Certainly that was true in the great fiasco of the IBM case of the 1970s in which I was the principal economic witness for IBM.2 The government's remedy proposal never reached the court but was discussed at deposition by an economist. He proposed breaking up IBM into 4 successor companies each of which would have one and only one disk plant or tape plant. No consideration was given to whether computer companies with only one such plant and not at least one of both types where likely to be viable. The focus was exclusively on reducing IBM's supposedly very large market share which was measured by the government in truly peculiar ways having little to do with market power.3 Structural remedies need to be better thought through than this.

E. Avoid prolonged and complicated judicial oversight. On the other hand, as I have already suggested, injunctive relief can lead to a situation in which extensive and long-lasting judicial oversight is required. That is particularly true if the injunction is complicated. It is particularly burdensome if the injunction is to hold for long periods of time in a changing industry.

2. Remedies in the Microsoft Case

I now exemplify at least some of the above points by discussing the remedies suggested and adopted in the Microsoft case. (I was the principal economic witness for the Antitrust Division in the liability proceeding, but was not at all involved in remedy issues until after the remedy phase had been remanded, and then only superficially.) To understand what was involved, I must first review the general economics of the case as they stood in the mid-to-late 1990's.

  1. Application programs written to run on one operating system would not run on any other. To "port" them to another required rewriting them almost from scratch — a large undertaking.
  2. Software application writing is subject to large economies of scale. This is because most of the expense lies in the original writing, debugging, and documenting of the application program. These are fixed costs that do not vary with the number of copies licensed. By contrast, the marginal cost of producing additional copies is extremely low.

These two facts implied:

  1. Application writers naturally preferred to write (or at least write first) for the operating system used by the greatest number of computer-users. By doing so, they could spread the fixed cost over a large number of customers.
  2. But computer users prefer to acquire operating systems for which large numbers of applications are written.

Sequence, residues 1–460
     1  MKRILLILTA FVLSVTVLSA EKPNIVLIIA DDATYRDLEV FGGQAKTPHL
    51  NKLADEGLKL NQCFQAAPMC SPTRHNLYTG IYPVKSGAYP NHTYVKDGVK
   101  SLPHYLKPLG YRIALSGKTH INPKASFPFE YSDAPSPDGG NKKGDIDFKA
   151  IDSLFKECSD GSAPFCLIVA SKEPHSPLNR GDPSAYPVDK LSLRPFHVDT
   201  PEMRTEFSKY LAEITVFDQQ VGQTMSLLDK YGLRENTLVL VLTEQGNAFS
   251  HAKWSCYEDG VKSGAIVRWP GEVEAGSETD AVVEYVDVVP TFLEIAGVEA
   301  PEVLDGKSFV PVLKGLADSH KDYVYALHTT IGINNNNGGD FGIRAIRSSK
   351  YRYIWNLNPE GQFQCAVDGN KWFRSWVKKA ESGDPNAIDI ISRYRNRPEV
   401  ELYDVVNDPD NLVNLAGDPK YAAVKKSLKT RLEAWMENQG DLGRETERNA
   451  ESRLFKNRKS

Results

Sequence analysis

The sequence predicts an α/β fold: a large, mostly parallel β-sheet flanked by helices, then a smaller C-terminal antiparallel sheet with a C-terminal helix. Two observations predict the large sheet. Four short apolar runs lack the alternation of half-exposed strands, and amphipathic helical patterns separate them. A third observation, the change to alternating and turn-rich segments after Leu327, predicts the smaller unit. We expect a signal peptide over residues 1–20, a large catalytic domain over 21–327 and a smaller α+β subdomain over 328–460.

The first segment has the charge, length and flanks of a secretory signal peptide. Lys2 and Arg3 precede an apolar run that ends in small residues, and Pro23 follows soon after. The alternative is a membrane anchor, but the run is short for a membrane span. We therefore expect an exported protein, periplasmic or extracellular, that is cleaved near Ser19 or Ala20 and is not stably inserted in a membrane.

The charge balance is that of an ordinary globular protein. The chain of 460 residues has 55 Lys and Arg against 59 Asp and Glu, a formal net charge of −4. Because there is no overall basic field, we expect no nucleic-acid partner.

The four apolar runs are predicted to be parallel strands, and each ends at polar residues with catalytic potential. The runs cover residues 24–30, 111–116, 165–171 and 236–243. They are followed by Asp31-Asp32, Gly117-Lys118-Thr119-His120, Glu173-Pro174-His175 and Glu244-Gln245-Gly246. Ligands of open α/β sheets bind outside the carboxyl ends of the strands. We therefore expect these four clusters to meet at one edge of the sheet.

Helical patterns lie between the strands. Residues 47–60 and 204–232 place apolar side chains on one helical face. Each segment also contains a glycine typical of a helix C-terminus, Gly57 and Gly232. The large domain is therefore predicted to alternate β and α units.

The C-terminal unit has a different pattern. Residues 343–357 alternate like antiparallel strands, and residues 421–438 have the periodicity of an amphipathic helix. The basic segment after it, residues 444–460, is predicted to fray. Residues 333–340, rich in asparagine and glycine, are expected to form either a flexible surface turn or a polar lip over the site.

The result of all this was (and is) that if one operating system becomes more popular with users than others, then software writers will write more applications for it. In turn, this increases its attractiveness to users. As the number of users increase, the operating system becomes even more attractive to users, and so forth, in a snow-balling effect. Eventually, one operating system becomes far more preferred than its rivals. Further, its rivals find it more and more difficult or expensive to attract application writers, creating the so-called "applications barrier to entry", as it was known in the case.

Microsoft was the beneficiary of these phenomena, first with Windows 95, then Windows 99, and its successors. The applications barrier to entry enabled it to achieve monopoly power in the market for operating systems for PCs.4

Note, however, that such power followed from the underlying economics of the market. Indeed, had Microsoft been content with that, no Section 2 antitrust case would have been successfully brought.

But, of course, Microsoft was not so content. There arose two innovations, Netscape's internet browser and Sun Microsystem's Java, that threatened greatly to weaken the applications barrier to entry. Microsoft set out to destroy or contain these. For present purposes, the details do not matter. It is enough to say that Microsoft was found to have violated the antitrust laws by its actions.

This was a great victory for the government. But the events relating to the remedy eventually turned that victory into another fiasco. What remedies were suggested and what were the problems with them? With perhaps one exception, not really considered seriously by the government, every suggested remedy had important defects in terms of the objectives listed above.

I begin with conduct remedies.

Remedy 1. The government eventually settled for a remedy prohibiting Microsoft from doing what it had done to the browser and to Java. While that remedy does make some attempt at prohibiting similar conduct, it basically only satisfies Objective B above (Fit the remedy to the violation). That would (and presumably did) permit it to pass muster in a Tunney Act proceeding. If it had been in place in 1995, the specific bad acts would not have occurred.

That is not enough, however. The settlement here occurred after a lengthy trial in which Microsoft was found to have violated the law. There had been an appeal in which the liability findings were substantially upheld and a petition for certiorari that was denied. While the Tunney Act standard as it has developed may be appropriate for a consent decree before trial, it is far from obvious that it is appropriate after the trial has taken place and appeals from the liability finding have been exhausted.